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The Actuary The magazine of the Institute & Faculty of Actuaries
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An emerging actuarial profession

I spent a week late August to give exam training on 303 General Insurance at the Shanghai University of Finance and Economics (SUFE). The Staple Inn Actuarial Society (SIAS) and SUFE sponsored my visit. This is the first 300 series tutorial that SIAS has ever sponsored in China.

Tutorials at SUFE
About 14 students attended the tutorials. The students completed their 100 series with little difficulty, but most found the 300 series papers more challenging. They face the difficulty of overcoming the language barrier as well as of shifting from the actuarial techniques of 100 series to the ‘higher-order skills’ of 300 series to apply actuarial principles in the context of alien institutions.

China’s insurance industry and legislation
The insurance business re-emerged in 1982 after over 30 years’ communist banishment. From a standing start in 1982, the life and non-life premiums written in 2002 have grown to 227bn renminbi and 78bn renminbi (about £17.7bn and £6.1bn), a 59% and 14% increase over 2001 respectively. The number of insurers has also increased from one in the early 1980s to over 50 now.
China’s first insurance law was enacted in 1995. Among other things, it requires life insurers to employ certified actuaries and to establish an actuarial reporting system. This was recently amended to extend the requirements to non-life insurers, with an effective date of January 2003.
Actuarial profession
In 1998, the China Insurance Regulatory Commission (CIRC) was established to regulate insurance companies. In October 1999, CIRC set an entrance examination on Chinese life insurance practice and legislation and certified 43 actuaries. The candidates were part-qualified actuaries who had completed 100 series or equivalent and had some work experience. To date, these 43 certified Chinese actuaries are the only actuaries who can sign life office valuation returns and submit new products for approval.
The CIRC has been the key promoter of actuarial development and has set up more than 10 examination centres to date. In July 2001, the Society of Actuaries of China (SAC) was formed after five years’ preparatory work under CIRC. Organisationally, SAC reports to CIRC through the Chinese Insurance Association.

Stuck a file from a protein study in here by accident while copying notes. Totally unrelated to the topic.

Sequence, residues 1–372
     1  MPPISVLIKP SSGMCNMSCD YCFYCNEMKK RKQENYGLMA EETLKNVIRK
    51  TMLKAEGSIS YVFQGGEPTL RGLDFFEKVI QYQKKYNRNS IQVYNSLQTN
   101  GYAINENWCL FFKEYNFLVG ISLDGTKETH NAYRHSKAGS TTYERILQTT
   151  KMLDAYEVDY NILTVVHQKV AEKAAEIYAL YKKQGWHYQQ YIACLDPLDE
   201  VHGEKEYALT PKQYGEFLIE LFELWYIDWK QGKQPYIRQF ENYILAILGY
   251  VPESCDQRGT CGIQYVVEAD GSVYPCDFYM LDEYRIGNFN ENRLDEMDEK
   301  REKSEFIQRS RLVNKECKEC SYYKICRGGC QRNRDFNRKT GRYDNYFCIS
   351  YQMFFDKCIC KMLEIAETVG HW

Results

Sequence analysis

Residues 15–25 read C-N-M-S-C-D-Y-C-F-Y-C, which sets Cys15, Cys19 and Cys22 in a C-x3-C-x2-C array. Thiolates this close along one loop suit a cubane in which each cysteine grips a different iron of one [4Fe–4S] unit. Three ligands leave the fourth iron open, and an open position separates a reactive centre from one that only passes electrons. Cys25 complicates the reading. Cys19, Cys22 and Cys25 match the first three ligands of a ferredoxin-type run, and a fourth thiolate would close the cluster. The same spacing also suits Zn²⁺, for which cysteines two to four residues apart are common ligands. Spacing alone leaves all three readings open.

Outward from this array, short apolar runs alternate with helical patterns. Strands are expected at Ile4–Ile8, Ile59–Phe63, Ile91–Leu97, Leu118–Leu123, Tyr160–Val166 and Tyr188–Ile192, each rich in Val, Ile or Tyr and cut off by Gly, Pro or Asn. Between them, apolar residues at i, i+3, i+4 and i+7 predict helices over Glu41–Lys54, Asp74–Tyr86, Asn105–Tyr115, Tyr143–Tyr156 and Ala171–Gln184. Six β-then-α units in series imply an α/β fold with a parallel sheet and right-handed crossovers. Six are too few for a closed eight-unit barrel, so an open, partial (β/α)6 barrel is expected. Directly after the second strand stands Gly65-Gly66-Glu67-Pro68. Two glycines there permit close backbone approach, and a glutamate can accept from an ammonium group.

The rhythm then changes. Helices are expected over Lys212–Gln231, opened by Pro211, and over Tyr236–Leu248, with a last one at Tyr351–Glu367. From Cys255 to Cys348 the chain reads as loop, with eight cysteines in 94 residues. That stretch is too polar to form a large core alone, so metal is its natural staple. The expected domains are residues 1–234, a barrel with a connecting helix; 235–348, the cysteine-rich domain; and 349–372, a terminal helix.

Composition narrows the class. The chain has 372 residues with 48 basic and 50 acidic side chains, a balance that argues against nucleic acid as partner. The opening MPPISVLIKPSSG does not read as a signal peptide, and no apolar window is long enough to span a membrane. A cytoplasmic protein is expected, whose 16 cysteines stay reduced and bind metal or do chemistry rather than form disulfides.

With outside help, the SAC has developed syllabus up to associate level and is still developing the fellowship examinations. The syllabus bears some similarity to the previous Society of Actuaries’ syllabus with some non-life subjects added. Currently, SAC has over 2,000 candidates studying for its examinations, a dramatic increase from the initial entrance examination in 1999.

‘New frontiers’
The actuarial profession enjoyed dramatic growth mainly in the area of life insurance. ‘Non-life actuarial’ was an unknown phrase in China until recently. Early 2002, the president of CIRC declared his support for leading actuarial consultancy firms to set up practices in China. With the amended Insurance Act 2002 now in force, the CIRC has deregulated the motor insurance market in terms of setting premium rates and is developing a statutory role for non-life actuaries which will no doubt lead to growth in this area.
Yves Guérard, secretary-general of International Actuarial Association, summarises the actuarial development in China in one sentence: the SAC is not walking but jumping ahead. This is the way it has to be, if SAC is to meet the challenges of a super-fast-growing insurance industry and a changing regulatory environment.

Acknowledgement
SIAS and the SUFE provided travel and accommodation. The Institute of Actuaries provided excellent coordination and administration assistance and my employer kindly agreed to give me four working days for this visit. Neil Hilary also kindly provided a full set of slides he used at Mumbai, India.

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